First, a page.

Editor’s Note: In a field where it can become all too easy to feel the pressures of the day to day grind, doubly so in 2016, we sometimes forget to take a step back and acknowledge the things we’re grateful for. To that end, I asked our ArtsHackers to share a few of the things they are grateful for as arts administrators during this Thanksgiving season. I hope this lets you learn a little bit more about who we are and our respective outlooks on the field.
Given the political turmoil over the past year, I’m thankful for hopeful statements declaring art’s value. Coming from one of history’s most celebrated US presidents, I think it’s timely. The quote was recently published in the Kennedy Center’s programming magazine.
“Art means more than the resuscitation of the past: it means the free and unconfined search for new ways of expressing the experience of the present and the vision of the future.” – John F. Kennedy
This year, professionally and personally, I’ve relied on people who just get. stuff. done. They don’t need much explanation or direction, they don’t need to know my reasoning behind something, they just pull whatever I’ve asked them to do, whatever “it” may be together spectacularly. Every year, but this year especially, I’m thankful for them.
It’s difficult to miss the irony in just how easy it is to take what we have for granted when gratitude should run through our veins over the course of our life. To that end, 2016 has had no shortages of milestones that drive this reminder home and it has helped me revalue the integral role friends and colleagues are to success and happiness. Having so many opportunities to strengthen those bonds and build new connections in the face of powerful challenges is one of boundless silver linings from this year.
Lately I’ve been grateful that the work of artists can be a powerful force in dark times to challenge, inspire, and even to provide solace. While, in comparison, arts administrators may feel like they toil in relative obscurity, those tireless and sometimes unappreciated efforts are integral to artist voices being heard. Just know that we’ve got your back, and I sincerely hope that ArtsHacker makes your day-to-day job even just a tiny bit easier. Let’s make sure, now more than ever, that we rise to the occasion so that artists are supported to do what they do best.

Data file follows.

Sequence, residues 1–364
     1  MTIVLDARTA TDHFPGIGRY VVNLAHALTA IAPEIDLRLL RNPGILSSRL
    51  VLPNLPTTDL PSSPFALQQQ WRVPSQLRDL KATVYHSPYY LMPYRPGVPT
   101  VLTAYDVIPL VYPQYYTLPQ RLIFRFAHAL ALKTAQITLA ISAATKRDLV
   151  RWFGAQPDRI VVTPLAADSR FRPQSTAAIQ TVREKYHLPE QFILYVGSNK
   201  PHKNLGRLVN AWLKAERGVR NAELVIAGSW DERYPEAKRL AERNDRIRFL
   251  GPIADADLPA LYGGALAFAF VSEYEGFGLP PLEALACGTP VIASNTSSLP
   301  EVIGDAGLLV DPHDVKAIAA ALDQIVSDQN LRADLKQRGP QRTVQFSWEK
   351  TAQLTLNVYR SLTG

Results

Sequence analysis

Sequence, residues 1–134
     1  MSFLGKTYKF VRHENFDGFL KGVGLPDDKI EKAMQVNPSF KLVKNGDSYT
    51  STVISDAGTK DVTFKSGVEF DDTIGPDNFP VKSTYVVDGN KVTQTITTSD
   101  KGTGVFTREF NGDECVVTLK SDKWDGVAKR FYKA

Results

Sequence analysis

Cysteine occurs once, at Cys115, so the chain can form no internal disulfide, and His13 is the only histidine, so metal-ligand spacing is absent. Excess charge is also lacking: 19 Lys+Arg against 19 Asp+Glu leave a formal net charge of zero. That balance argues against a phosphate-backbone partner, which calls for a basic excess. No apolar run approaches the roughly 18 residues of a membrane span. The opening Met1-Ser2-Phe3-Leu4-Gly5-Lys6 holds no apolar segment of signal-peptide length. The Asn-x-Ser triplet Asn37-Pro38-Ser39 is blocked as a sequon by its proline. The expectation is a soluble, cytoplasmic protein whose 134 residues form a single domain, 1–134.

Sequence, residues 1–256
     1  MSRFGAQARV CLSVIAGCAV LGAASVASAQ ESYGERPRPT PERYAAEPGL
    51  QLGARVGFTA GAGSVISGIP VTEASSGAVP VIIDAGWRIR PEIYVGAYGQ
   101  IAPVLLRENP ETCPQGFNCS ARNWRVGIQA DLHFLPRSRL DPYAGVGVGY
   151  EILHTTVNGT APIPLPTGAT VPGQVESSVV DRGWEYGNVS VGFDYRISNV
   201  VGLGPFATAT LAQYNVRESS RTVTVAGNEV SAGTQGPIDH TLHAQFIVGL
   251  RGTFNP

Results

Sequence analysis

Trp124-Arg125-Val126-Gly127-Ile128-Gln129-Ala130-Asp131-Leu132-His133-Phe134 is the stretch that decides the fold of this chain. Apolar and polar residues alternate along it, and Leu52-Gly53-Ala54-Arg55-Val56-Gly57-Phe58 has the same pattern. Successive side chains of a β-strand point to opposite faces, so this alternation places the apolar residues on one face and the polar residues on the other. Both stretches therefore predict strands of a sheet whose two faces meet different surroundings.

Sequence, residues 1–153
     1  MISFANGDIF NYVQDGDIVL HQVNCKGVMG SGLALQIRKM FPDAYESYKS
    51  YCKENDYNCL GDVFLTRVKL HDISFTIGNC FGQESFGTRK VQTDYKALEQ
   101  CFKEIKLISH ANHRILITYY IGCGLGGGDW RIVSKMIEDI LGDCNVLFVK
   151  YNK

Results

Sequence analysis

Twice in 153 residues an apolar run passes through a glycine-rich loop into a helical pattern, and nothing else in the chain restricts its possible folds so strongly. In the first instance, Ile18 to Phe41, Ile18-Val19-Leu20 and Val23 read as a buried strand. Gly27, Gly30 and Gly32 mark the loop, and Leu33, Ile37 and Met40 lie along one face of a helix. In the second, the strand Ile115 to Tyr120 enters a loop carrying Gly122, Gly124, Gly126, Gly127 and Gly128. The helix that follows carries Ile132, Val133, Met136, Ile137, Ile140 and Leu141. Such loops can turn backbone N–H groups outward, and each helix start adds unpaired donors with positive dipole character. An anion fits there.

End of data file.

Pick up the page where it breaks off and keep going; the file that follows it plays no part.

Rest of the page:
I am grateful and pleased to see that seeds I planted are beginning to poke up out of the soil long after I despaired that my efforts would ever bear fruit. Moreover, I am delighted at the emergence of unexpected tendrils planted by others. It appears our plants will complement each other as the “three sister” crops of the American Indians.
In what has been a year of transition for me and my organization, I am thankful again to a wonderful board of directors and staff who have worked so hard on behalf of the CSO and who have supported me while I’ve been learning this new role of Executive Director. I am also thankful to our patrons who have accepted me with open arms and continue to encourage me. And I am grateful to the musicians who create the beautiful music that reminds me at every concert why I chose to work in this crazy field of orchestra management.
Marc van Bree
I am thankful for the arts and its many roles in life. It can provide comfort for those who need and seek it. And it can bring necessary discomfort when a message should be heard. It is there to make us smile, scowl, imagine, understand, think, express, engage, and all of the above. Now, more than ever, do we need the arts in our lives, and I am thankful it is there.
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